In our presentation (Tamás Péter Szabó, Kati Kajander, Petteri Laihonen, Riikka Alanen, and Hannele Dufva: ‘Towards new multilingual learning environments: affordances in the schoolscapes of co-located schools’) we asked how people (do not) make use of linguistic resources that surround them in their physical environment. Since schools are custom designed sites for learning, we were interested in ways in which students’ and teachers’ linguistic repertoires can be extended with the help of the multilingual environment. We also studied the sense of ‘togetherness’ that makes co-located schools special since two institutions are very tightly connected to each other. We showcased examples from our fieldwork which we considered as schoolscape resources for language learning and use. For example, “banal” bilingual regulative signs such as ‘keep the door closed’ help school community members and visitors to learn either Finnish or Swedish. Further, spaces of ‘togetherness’ such as the school canteen or a student-designed room indicate the togetherness of the two communities. We also highlighted the potential of expanding the schoolscape towards virtual spaces in the form of QR codes that require smart phones to interpret and make sense of them.
Beyond invited talks, we were happy to receive two brief presentations of emerging issues. Ann-Christine Savén (Hindhår School, Porvoo / Borgå) shared her experience as a primary school teacher witnessing the decrease of the number of Swedish speaking students. After moving together, the two school communities needed some time for getting used to co-locatedness; for example, earlier the football matches were about ‘Swedes’ competing with ‘Finns’ while today the physical education programs feature mixed teams. Another brief presentation was about Pauliina Sopanen’s recently launched PhD project. She investigates co-teaching in bilingual kindergartens. In her data, there is a novel bilingual Swedish-Finnish medium group which is novel in the Finnish system that is based on separate tracks in the administrative level.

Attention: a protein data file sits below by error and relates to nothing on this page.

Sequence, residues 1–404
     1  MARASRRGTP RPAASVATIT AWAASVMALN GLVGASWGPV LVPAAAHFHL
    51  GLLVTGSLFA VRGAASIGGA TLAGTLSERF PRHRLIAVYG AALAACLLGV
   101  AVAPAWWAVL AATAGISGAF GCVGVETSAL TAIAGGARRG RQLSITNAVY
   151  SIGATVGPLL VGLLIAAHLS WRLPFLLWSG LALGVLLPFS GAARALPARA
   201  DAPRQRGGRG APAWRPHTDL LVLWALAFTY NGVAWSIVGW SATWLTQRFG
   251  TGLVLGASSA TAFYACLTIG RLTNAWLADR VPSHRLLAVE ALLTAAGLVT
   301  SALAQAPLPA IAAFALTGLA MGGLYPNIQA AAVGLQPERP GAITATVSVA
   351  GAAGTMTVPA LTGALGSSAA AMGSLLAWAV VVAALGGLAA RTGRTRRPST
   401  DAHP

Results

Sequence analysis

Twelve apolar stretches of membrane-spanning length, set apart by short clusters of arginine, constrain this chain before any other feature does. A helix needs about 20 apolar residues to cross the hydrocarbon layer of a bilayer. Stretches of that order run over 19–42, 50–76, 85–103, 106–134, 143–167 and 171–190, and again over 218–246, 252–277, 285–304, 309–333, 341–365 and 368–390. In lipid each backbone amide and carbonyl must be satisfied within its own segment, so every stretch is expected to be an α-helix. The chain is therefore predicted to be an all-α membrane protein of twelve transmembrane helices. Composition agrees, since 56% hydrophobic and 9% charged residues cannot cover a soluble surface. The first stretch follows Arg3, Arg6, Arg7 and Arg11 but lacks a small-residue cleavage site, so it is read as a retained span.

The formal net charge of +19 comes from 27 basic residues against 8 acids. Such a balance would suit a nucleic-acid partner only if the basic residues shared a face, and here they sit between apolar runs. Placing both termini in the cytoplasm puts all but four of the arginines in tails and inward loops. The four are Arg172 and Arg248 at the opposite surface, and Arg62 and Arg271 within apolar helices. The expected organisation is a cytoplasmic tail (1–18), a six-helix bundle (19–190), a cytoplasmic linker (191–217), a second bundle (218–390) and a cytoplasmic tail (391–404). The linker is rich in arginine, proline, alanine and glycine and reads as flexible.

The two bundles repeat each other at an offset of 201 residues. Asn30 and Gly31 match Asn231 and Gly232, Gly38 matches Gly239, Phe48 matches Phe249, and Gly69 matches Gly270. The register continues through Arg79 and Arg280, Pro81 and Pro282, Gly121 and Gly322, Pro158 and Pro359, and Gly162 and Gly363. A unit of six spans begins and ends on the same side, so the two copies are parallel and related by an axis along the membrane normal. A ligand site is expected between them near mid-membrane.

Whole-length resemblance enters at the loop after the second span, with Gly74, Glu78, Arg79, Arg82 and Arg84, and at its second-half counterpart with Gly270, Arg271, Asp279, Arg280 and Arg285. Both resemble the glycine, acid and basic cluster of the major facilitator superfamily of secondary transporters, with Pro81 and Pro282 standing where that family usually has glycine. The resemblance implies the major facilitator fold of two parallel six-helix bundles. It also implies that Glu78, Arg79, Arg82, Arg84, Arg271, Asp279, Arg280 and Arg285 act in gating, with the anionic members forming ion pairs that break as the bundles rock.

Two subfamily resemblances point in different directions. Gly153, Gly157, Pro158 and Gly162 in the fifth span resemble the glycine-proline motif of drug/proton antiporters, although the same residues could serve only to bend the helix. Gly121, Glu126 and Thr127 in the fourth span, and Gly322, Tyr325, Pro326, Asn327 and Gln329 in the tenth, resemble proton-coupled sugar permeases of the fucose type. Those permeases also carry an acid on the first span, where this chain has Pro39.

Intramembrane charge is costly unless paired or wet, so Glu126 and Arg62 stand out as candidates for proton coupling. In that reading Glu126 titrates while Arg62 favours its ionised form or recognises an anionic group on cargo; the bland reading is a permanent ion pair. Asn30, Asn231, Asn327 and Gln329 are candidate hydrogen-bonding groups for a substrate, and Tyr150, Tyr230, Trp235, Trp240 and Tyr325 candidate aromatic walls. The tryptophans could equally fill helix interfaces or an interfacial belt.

The general discussion pointed to the fact that the practice of co-locating schools is a general practice. It is a trend to close down small schools, especially on the countryside, and construct huge learning centers with several hundreds of students. There seemed to be a general understanding that co-located schools constitute more a resource than a challenge, at least from the point of view of languages. What is more, the need for continuity in togetherness from kindergarten to high-school was raised. Also the conscious sharing of good practices and well designed, shared multilingual learning environments was envisioned.
Planning further cooperation
We invited the workshop participants to draw plans for further cooperation. Since students, teachers, school principals, researchers and the Finnish National Board of Education were all represented, some of the plans will surely be turned into action. We offered three inter-related topics: